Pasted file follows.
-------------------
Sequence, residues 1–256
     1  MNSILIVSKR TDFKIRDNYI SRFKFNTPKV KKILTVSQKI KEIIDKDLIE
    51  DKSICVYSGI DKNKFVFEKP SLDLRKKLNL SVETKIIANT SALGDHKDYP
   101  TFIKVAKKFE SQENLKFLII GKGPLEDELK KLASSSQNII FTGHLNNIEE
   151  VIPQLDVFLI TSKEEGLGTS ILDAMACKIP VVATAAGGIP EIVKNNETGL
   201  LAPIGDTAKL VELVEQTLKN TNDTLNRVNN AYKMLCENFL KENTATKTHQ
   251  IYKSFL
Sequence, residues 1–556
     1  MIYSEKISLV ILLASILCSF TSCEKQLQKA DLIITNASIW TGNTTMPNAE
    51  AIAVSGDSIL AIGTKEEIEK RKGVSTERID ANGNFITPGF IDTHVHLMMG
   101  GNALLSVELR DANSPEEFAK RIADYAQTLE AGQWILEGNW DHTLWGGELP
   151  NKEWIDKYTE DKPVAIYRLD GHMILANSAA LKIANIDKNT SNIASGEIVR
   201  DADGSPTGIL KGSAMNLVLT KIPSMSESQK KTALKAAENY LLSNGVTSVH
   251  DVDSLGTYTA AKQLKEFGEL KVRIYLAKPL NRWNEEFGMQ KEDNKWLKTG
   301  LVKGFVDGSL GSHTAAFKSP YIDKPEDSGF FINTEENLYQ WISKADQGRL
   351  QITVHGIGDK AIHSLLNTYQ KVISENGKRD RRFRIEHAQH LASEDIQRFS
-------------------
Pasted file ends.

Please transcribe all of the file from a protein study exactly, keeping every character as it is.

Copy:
Sequence, residues 1–256
     1  MNSILIVSKR TDFKIRDNYI SRFKFNTPKV KKILTVSQKI KEIIDKDLIE
    51  DKSICVYSGI DKNKFVFEKP SLDLRKKLNL SVETKIIANT SALGDHKDYP
   101  TFIKVAKKFE SQENLKFLII GKGPLEDELK KLASSSQNII FTGHLNNIEE
   151  VIPQLDVFLI TSKEEGLGTS ILDAMACKIP VVATAAGGIP EIVKNNETGL
   201  LAPIGDTAKL VELVEQTLKN TNDTLNRVNN AYKMLCENFL KENTATKTHQ
   251  IYKSFL
Sequence, residues 1–556
     1  MIYSEKISLV ILLASILCSF TSCEKQLQKA DLIITNASIW TGNTTMPNAE
    51  AIAVSGDSIL AIGTKEEIEK RKGVSTERID ANGNFITPGF IDTHVHLMMG
   101  GNALLSVELR DANSPEEFAK RIADYAQTLE AGQWILEGNW DHTLWGGELP
   151  NKEWIDKYTE DKPVAIYRLD GHMILANSAA LKIANIDKNT SNIASGEIVR
   201  DADGSPTGIL KGSAMNLVLT KIPSMSESQK KTALKAAENY LLSNGVTSVH
   251  DVDSLGTYTA AKQLKEFGEL KVRIYLAKPL NRWNEEFGMQ KEDNKWLKTG
   301  LVKGFVDGSL GSHTAAFKSP YIDKPEDSGF FINTEENLYQ WISKADQGRL
   351  QITVHGIGDK AIHSLLNTYQ KVISENGKRD RRFRIEHAQH LASEDIQRFS